Peerie Maa
04-29-2015, 05:31 PM
Single sail...boats are less effective at heaving to or stalling like this. Most can find a sweet spot but I have never found these sorts of boats/sail plans as stable in the hove to condition as a boat with a divided sail plan....as those above have mentioned regarding a mizzen.

Main sail and jib rigs like Peerie also work well. Back the jib, let the main sheet run free, and pin the rudder over to counteract the backed jib and she will just sit there. Classic hove too.

Mikey Floyd
04-29-2015, 05:57 PM
I'm not a fan of hauling the mizzen in tight in a cat yawl as a form of 'heaving to', the sternway is just too much to bear. I much prefer keeping the head somewhat off the breeze - a slightly loose mizzen sheet, the tiller tied off to leeward (sometimes partially to leeward) and fine tune with the board.

'Park' is a good word and encapsulates the essence of what is intended by heaving to. With this in mind, making a knot or two (or more) backwards directly downwind could be pushing the definition of 'Heaving to' I reckon anyhow.

James McMullen
04-29-2015, 08:48 PM
Do you not sheet the mizzen in tight with the helm hard over, Mikey? (to starboard is what I prefer with a yard and boom to port of the mast) This works exactly as what you would consider as "parked" in Rowan, at any rate.

Maybe time to repost this:

http://3.bp.blogspot.com/-J0PPC94C04s/UnBKHIdRm9I/AAAAAAAAA4A/5tpmyQA-qfo/s1600/424400_519771434733574_855015721_n.jpg

http://1.bp.blogspot.com/-BylwZWqqpL0/UnBKIFwnyRI/AAAAAAAAA4I/kjYMdgihq0o/s1600/582819_519771441400240_1806549654_n.jpg

http://1.bp.blogspot.com/-1Zp1anCr7NQ/UnBKIjZIcKI/AAAAAAAAA4M/sKJoCWl2CbY/s1600/376383_519771444733573_1063366954_n.jpg

Mikey Floyd
04-29-2015, 10:00 PM
Do you not sheet the mizzen in tight with the helm hard over, Mikey? (to starboard is what I prefer with a yard and boom to port of the mast) This works exactly as what you would consider as "parked" in Rowan, at any rate.

When I'm sans jib I don't no. I always find the boat shearing around and never settling down to a stable angle off the wind. Additional to the added sternway as the boat would be too often pointing too high. This in several boats for me.

My post responds to the many references I've read in the broader forum here about heaving to with the boat 'head to wind.' If Rowan parks happily at an angle making little leeway with a tight mizz sheet we may have found a significant functional difference. Perhaps your mizzen of smaller proportional area combined with greater windage in the bow is enough to make the difference.

ps surely you mean helm down to port with booms and yard swinging to port? (Or both stbd) Or are you simply referring to them set on that side of the mast and preferable for heaving to as the mast makes a mockery of the sail shape? If not we might need a larger discussion...

James McMullen
04-29-2015, 10:58 PM
With my sail etc. on the port side of the mast, I prefer to heave-to or "park" on the stbd tack. This keeps my body weight on centerline, while I deal with reefing or striking or whatever. So yes, I guess you'd say I put my helm down to port, but since I use push-pull, what I actually do is pull the stick forward.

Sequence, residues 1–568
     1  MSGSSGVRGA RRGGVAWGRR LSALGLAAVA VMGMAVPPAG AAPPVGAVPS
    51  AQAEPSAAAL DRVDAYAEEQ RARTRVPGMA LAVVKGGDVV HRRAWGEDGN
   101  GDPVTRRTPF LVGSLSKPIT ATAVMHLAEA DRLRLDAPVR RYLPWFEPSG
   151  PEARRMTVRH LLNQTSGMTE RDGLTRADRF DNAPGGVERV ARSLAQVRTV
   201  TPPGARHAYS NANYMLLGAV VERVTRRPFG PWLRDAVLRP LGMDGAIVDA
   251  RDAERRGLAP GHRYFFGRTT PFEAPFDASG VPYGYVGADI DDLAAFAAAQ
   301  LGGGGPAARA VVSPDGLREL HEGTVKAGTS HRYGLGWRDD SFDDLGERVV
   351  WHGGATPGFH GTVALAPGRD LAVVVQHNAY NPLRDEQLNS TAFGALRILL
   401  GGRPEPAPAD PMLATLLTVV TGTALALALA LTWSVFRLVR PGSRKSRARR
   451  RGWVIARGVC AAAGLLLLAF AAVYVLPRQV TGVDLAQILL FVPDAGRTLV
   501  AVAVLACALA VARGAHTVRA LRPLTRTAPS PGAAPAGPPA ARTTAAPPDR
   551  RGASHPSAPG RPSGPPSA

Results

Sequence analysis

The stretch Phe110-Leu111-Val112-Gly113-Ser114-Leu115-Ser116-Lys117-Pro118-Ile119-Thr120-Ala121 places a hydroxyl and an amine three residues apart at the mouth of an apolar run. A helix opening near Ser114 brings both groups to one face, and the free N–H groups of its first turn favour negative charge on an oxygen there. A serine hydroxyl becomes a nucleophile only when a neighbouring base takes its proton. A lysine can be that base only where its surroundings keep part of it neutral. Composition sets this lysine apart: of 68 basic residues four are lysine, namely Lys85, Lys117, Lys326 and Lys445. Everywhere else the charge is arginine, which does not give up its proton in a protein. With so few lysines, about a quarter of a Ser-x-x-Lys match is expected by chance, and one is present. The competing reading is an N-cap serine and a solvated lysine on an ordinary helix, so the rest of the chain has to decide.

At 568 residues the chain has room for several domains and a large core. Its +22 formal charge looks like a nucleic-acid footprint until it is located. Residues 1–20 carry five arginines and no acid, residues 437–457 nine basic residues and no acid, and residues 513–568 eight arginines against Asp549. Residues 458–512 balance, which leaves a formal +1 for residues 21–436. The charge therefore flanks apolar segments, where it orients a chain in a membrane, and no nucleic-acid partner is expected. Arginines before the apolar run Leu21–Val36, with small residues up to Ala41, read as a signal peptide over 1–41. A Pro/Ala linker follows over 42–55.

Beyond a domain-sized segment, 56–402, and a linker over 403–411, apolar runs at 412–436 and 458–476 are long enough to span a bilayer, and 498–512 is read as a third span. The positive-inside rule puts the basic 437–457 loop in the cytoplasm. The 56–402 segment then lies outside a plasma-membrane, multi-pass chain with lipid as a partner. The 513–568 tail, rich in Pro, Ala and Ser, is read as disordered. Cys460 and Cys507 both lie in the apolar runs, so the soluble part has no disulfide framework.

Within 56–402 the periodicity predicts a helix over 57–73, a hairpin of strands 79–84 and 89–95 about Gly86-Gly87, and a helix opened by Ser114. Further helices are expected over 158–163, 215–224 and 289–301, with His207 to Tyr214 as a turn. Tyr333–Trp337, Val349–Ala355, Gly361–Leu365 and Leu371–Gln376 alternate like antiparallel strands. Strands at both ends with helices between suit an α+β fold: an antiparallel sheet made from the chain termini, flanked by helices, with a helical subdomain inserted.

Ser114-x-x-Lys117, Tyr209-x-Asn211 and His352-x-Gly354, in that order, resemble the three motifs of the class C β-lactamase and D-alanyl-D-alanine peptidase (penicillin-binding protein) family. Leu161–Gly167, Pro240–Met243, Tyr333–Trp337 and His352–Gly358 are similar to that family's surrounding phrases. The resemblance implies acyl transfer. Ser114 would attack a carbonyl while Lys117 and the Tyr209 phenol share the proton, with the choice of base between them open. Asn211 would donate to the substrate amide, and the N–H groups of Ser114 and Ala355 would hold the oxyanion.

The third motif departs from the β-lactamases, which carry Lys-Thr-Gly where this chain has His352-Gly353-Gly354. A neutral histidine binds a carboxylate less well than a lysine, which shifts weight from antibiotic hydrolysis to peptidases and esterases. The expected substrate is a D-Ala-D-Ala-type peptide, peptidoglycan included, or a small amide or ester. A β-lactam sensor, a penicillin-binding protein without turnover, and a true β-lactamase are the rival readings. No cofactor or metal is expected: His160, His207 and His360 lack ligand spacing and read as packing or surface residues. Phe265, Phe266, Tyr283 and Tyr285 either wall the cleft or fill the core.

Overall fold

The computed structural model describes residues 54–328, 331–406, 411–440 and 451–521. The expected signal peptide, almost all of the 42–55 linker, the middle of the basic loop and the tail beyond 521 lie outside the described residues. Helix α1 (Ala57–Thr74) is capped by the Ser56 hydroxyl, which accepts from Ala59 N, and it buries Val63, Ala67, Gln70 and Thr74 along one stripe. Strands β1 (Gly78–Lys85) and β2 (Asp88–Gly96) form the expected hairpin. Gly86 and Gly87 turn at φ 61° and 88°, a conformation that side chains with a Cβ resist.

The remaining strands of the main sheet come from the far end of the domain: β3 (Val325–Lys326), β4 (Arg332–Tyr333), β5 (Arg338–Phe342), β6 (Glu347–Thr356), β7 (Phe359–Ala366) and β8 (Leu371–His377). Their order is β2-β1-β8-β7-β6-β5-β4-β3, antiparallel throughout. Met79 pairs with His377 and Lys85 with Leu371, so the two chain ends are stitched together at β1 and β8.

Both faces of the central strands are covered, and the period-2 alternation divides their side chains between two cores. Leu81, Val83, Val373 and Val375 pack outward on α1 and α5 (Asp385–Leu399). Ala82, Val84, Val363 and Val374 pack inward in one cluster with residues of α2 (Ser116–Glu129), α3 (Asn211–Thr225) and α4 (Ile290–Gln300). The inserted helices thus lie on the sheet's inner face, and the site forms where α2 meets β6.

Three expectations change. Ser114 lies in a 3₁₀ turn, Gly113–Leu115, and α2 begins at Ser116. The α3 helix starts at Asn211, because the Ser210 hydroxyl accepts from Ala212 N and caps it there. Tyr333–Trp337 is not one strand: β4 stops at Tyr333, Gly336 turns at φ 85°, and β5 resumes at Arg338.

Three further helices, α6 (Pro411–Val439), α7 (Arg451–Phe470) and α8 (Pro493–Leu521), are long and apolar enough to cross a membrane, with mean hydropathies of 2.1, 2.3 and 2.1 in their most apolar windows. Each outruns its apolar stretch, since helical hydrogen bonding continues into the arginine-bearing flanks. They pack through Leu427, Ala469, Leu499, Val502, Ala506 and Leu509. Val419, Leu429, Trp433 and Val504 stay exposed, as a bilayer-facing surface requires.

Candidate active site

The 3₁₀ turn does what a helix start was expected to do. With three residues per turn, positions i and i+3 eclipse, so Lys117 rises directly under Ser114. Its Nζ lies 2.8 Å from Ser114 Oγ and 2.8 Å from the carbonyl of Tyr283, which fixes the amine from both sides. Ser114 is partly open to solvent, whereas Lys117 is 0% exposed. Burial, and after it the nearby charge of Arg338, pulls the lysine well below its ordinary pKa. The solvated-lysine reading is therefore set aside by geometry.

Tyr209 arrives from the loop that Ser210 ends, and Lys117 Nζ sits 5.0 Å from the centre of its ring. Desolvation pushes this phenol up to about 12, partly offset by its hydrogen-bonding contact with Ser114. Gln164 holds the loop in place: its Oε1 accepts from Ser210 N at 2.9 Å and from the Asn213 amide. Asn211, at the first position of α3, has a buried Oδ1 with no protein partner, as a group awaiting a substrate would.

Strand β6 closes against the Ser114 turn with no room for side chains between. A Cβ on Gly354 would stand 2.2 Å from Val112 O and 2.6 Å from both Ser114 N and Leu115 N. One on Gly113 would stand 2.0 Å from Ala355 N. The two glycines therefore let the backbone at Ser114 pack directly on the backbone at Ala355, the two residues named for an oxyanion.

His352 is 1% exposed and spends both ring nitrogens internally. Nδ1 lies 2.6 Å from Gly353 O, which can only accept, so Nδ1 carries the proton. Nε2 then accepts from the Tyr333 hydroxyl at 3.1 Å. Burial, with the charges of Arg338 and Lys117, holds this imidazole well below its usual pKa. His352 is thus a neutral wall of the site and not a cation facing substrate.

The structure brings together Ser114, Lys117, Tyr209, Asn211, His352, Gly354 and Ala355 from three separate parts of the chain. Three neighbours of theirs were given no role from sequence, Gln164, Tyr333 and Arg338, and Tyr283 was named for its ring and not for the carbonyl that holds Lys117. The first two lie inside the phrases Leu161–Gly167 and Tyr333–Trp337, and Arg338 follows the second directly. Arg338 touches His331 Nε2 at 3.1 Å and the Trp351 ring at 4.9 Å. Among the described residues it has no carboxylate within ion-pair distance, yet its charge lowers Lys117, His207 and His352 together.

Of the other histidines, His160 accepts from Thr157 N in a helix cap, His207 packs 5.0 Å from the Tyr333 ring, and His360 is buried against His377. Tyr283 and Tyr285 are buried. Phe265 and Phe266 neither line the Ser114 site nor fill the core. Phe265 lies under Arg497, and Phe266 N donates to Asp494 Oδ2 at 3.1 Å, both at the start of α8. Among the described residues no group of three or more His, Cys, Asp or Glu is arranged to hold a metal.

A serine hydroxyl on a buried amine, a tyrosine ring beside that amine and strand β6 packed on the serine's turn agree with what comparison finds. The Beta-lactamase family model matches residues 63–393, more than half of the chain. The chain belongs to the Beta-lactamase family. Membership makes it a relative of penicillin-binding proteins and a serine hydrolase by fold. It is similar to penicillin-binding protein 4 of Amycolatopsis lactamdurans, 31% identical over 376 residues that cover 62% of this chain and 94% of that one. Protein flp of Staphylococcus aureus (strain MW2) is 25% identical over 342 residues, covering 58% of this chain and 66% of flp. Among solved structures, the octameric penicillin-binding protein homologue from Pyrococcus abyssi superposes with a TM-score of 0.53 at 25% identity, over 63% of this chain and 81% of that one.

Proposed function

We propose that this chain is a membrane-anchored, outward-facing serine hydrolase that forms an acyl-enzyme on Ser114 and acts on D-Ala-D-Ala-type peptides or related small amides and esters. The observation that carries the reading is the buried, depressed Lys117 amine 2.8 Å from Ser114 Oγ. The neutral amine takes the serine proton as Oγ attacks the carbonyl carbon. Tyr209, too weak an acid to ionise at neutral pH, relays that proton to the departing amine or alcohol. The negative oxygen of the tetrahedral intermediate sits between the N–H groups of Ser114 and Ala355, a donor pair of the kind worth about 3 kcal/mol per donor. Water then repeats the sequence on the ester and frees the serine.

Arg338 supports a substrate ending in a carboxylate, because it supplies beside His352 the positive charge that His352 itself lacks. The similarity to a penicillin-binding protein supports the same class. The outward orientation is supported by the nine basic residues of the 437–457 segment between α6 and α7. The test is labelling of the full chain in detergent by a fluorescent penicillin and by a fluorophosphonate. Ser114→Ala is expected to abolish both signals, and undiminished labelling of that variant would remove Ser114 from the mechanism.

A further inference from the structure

It's illustrated in Figure 2 above, at any rate.

jpatrick
04-30-2015, 12:03 AM
as the mast makes a mockery of the sail shape?

Could you explain that? I don't have this sort of rig, but I'm curious. Thanks.

Jeff

Mikey Floyd
04-30-2015, 01:09 AM
Jeff, I think my comment can best be explained as a graceless attempt to understand an apparent contradiction from someone who knows very well what he's talking about. Up and down, push and pull have been cleared up, the semantics are aligned, the boat is parked.

Nevertheless, here's a googled image of a balanced lug setting to windward of the mast. The relevance to this discussion is very little indeed, the relevance in the broader scheme of things is pretty much the same too, I reckon.

https://dl.dropboxusercontent.com/s/15khfnqwaklkeub/Beth-3.jpg?dl=0

Max F
04-30-2015, 01:27 AM
Thats my experience as well.
Max

I'm not a fan of hauling the mizzen in tight in a cat yawl as a form of 'heaving to', the sternway is just too much to bear. I much prefer keeping the head somewhat off the breeze - a slightly loose mizzen sheet, the tiller tied off to leeward (sometimes partially to leeward) and fine tune with the board.

'Park' is a good word and encapsulates the essence of what is intended by heaving to. With this in mind, making a knot or two (or more) backwards directly downwind could be pushing the definition of 'Heaving to' I reckon anyhow.


Last edited by Mikey Floyd; 04-30-2015 at 02:52 AM.

Eric Hvalsoe
05-03-2015, 09:52 AM
Its true the sternway made when I haul in the mizzen of my little bitty yawl to keep the head up is disconcerting. But it is what I do to raise and lower the balanced lug main, as I prefer to have that big sail relatively close to centerline. It needs to fall into the boat without a lot of fuss and clear the rails. I don't use lazyjacks.

Parking as it is being described, laying some points off the wind or even nearly abeam is fine for taking a leak, a meal, a short break, etc. Regarding the centerboard, eventually I learned to keep the board up on Bandwagon when raising and lowering sail, head close to the wind. Board down the boat was inclined to get too close or even cross the eye of the wind as I lurched forward. Without a mizzen raising and lowering sounds a bit sketchy but apparently some people get used to it. Ones options are reduced, not good in a hard chance.

rgthom
05-03-2015, 11:13 AM
This is interesting, I wish you guys had this discussion before I tried making my rowboat "park" by adding a mizzen. With no lateral board, rudder, or mainsail the attempt to park was a complete failure. The boat just picked up way too much sternway, spun on the skeg and turned sideways in 25 - 30 kt winds.